Complete and udder frustration
We have all been there at some point, but what about in the workplace? Perhaps, that frustration begins as something small, like answering the phone because one of your co-workers is not working to their full potential. Or your boss asked you to finish a co-worker’s project when you are heading out the door.
These small frustrations can fester until pretty soon, you feel like you cannot take it anymore. Sometimes frustration stems from a feeling of being “over worked and under paid,” but whatever the reason, all of us having a breaking point. But what constitutes a breaking point for most employees?
BambooHR conducted a survey of over 1,000 employees in the United States to find out which things annoy them, and which of these things would lead to a breaking point.
Not only does this help you understand what is making people terminate their employment, but also, which things may be annoying them and slowing their productivity due to their frustration.
The top three deal breakers
The top three deal breakers BambooHR found were: not getting promoted, not finding a healthy work-life balance, and not being paid what they think they are worth. 22% of employees who are not getting promoted, will begin to look for employment elsewhere.
When you can, try to hire people from within, rather than hiring new people to fill jobs that current employees may have their eyes on. 14% of employees will leave if they cannot find a healthy work-life balance. This may mean something different to each person, but think about what it means to you. If you value being home at the same time every night so you can see your family, chances are your employees do too. Limiting the amount of time your employees spend working outside the office on projects will certainly help maintain a healthy balance.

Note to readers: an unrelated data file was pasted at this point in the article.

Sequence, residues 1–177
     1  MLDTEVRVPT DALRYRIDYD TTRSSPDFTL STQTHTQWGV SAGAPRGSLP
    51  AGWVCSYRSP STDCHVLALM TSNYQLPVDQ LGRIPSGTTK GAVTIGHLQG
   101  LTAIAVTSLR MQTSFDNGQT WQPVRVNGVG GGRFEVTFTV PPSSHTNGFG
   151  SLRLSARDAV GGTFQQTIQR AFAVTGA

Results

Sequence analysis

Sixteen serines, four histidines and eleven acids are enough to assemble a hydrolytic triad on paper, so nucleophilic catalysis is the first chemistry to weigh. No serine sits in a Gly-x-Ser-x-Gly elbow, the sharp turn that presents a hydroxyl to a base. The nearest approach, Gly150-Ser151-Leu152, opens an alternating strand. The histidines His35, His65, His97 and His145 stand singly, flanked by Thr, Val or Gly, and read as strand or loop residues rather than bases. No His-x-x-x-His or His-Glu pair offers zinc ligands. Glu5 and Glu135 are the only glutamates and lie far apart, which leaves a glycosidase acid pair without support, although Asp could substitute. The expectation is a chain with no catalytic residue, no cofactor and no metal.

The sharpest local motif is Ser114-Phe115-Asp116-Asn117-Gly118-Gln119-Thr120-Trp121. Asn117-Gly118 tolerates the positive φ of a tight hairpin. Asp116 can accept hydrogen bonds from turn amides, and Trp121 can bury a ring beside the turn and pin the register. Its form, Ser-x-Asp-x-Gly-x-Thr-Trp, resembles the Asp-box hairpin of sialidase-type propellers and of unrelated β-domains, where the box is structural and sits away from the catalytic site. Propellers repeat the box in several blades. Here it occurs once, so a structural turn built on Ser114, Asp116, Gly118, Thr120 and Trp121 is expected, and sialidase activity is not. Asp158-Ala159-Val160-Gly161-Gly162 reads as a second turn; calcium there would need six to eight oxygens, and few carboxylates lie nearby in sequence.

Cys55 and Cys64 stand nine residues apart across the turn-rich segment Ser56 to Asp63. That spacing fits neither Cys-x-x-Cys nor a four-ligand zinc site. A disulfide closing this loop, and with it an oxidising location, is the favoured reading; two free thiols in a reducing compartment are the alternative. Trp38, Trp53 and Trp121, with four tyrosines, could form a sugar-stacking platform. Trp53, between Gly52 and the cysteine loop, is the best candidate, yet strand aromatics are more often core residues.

Everyone needs time to recharge before tackling the next day. Most surprisingly, only 10% of employees think they’re not being paid what they’re worth. BambooHR attributes this to employees valuing building their careers and finding a healthy work-life balance, rather than focusing on a monetary number. However, money is almost always a secondary factor; for example, “She was promoted over me and I don’t get paid enough to deal with that.”
Top annoyances at work
Workplace annoyances begin the frustration process that can lead to valued team members walking out. What are some of the top annoyances? 82% of employees become irritated when their managers do not know as much about the industry or projects as they do. (Again, they think, “they get paid more and I’m explaining this to them.”) So make sure you are well-versed in your area. Fully 82% of employees also feel as though they are not recognized for their work as often as they deserve. Additionally, 79% of become annoyed when co-workers are promoted faster than they are and 74% want better benefits.
While some of these may not be things you can address, for example, better benefits may not be in your budget; keeping a watchful eye on employee performance for both promotion and praising purposes can go a long way in keeping your employees happy, more productive, and less annoyed.
In summary: value and respect for all
The survey also showed that while people need to like who they’re working with and strive to maintain a good team dynamic, they do not necessarily want to hang out after working hours. In fact, more than 50% of employees said it was irritating. Also, it is important to entrust college-educated employees with tasks that challenge them to grow; the higher the degree level, the more employees ask for harder, more challenging assignments.
Employees need to feel valued and respected at work, while being allowed to maintain a healthy lifestyle outside of work, or they are not likely to stay long. However, if you meet an employee’s basic needs: empowerment, flexibility, fair wages, and recognition, they will be more willing to tolerate every day annoyances. Allowing them to remain on-task, focused, and happy.